end if;
if p_col <= 0 or p_col > m_cols then
raise_application_error(-20000,'col argument out of range');
end if;
return m_body(((p_row-1) * m_cols) + p_col);
end get_at;
—
member procedure set_at(p_row integer, p_col integer, p_value number)
is
begin
if p_row <= 0 or p_row >= m_rows then
raise_application_error(-20000,'row argument out of range');
end if;
if p_col <= 0 or p_col > m_cols then
raise_application_error(-20000,'col argument out of range');
end if;
m_body(((p_row-1) * m_cols) + p_col) := p_value;
end set_at;
—
member function plus(other matrix_t) return matrix_t
is
result matrix_t;    — result of addition
begin
if m_rows != other.m_rows or m_cols != other.m_cols then
end if;
result := matrix_t(m_rows,m_cols);
for i in 1 .. m_body.count loop
result.m_body(i) := m_body(i) + other.m_body(i);
end loop;
return result;
end plus;
—
member function subtract(other matrix_t) return matrix_t
is
result matrix_t;    — result of subtraction
begin
if m_rows != other.m_rows or m_cols != other.m_cols then
raise_application_error(-20000,'subtraction not possible');
end if;
result := matrix_t(m_rows,m_cols);
for i in 1 .. m_body.count loop
result.m_body(i) := m_body(i) - other.m_body(i);
end loop;
return result;
end subtract;
—
member function multiply(other matrix_t) return matrix_t
is
result matrix_t;    — result of multiply
c   pls_integer;    — current column
r   pls_integer;    — current row offset
begin
if m_cols != other.m_rows then
raise_application_error(-20000,'multiplication not possible');
end if;
— initialize result matrix
result := matrix_t(m_rows,other.m_cols);
— multiply
for i in 0..result.m_body.count-1 loop
c := mod(i,result.m_cols);
r := (i - c) / result.m_cols;
for j in 0 .. m_cols-1 loop
result.m_body(i+1) := result.m_body(i+1)
+ (m_body((r*m_cols)+j+1)
* other.m_body((j*other.m_cols)+c+1));
end loop;
end loop;
return result;
end multiply;
end;
/
show errors;

With this class loaded, you can perform matrix operations from within SQL statements:

REM — return 3x3 identity matrix

SQL> select matrix_t.identity(3) from dual;

MATRIX_T.IDENTITY(3)(M_ROWS, M_COLS, M_BODY)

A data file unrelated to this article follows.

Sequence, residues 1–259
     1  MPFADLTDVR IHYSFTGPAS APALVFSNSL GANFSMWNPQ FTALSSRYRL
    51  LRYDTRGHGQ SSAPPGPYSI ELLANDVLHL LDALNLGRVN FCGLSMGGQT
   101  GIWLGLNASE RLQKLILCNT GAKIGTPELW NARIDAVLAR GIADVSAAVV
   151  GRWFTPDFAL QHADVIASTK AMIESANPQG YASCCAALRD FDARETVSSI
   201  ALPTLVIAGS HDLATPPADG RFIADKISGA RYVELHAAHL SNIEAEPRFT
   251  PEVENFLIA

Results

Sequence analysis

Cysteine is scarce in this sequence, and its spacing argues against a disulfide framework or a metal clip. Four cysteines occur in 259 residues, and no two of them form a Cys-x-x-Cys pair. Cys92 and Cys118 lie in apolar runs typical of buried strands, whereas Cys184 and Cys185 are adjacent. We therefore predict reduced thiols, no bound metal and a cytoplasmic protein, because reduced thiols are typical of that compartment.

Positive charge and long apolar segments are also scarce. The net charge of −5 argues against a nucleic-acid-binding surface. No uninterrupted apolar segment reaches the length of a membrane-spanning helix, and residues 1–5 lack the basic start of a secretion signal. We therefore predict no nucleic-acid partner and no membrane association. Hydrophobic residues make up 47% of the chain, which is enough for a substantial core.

————————————————————————————

MATRIX_T(3, 3, MATRIX_BODY_T(1, 0, 0, 0, 1, 0, 0, 0, 1))

REM — multiply two matrices
REM
REM — [2,-1,0]   [0,1,4,-1]   [2,2,8,-4]
REM — [3, 1,0] x [-2,0,0,2] = [-6,0,0,6]
REM —                         [0,1,4,-1]

SQL> select matrix_t(3,2,matrix_body_t(2,-1,0,3,1,0)).multiply(
matrix_t(2,4,matrix_body_t(0,1,4,-1,-2,0,0,2))) result from dual;

RESULT(M_ROWS, M_COLS, M_BODY)
——————————————————————————————————
MATRIX_T(3, 4, MATRIX_BODY_T(2, 2, 8, -4, -6, 0, 0, 6, 0, 1, 4, -1))

Now Listing A contains a package that does various graphic operations on a matrix. The operation "translate" moves a point from one location to another. "Scale" shifts points so the shape will expand or shrink around the origin. "Shear" stretches points the further they are from the origin, and "rotate" will rotate a shape around the origin by an angle in radians. (I've included a function to convert degrees to radians.)

For operations that need to be made around a point other than the origin, simply translate the shape by the offset to the point, perform an operation, and translate it back. Listing B provides some examples.

You now have plenty of reusable functions that you can use on MDSYS.SDO_GEOMETRY objects (i.e., geometric shape objects in Oracle Spatial) to transform your shapes without having to delete and re-upload them.

I hope that future versions of the Oracle Spatial package will include these kinds of operations so applications can manipulate geometries without having to write lots of application code to support these kinds of operations. Matrix operations, in general, have a wide range of operations.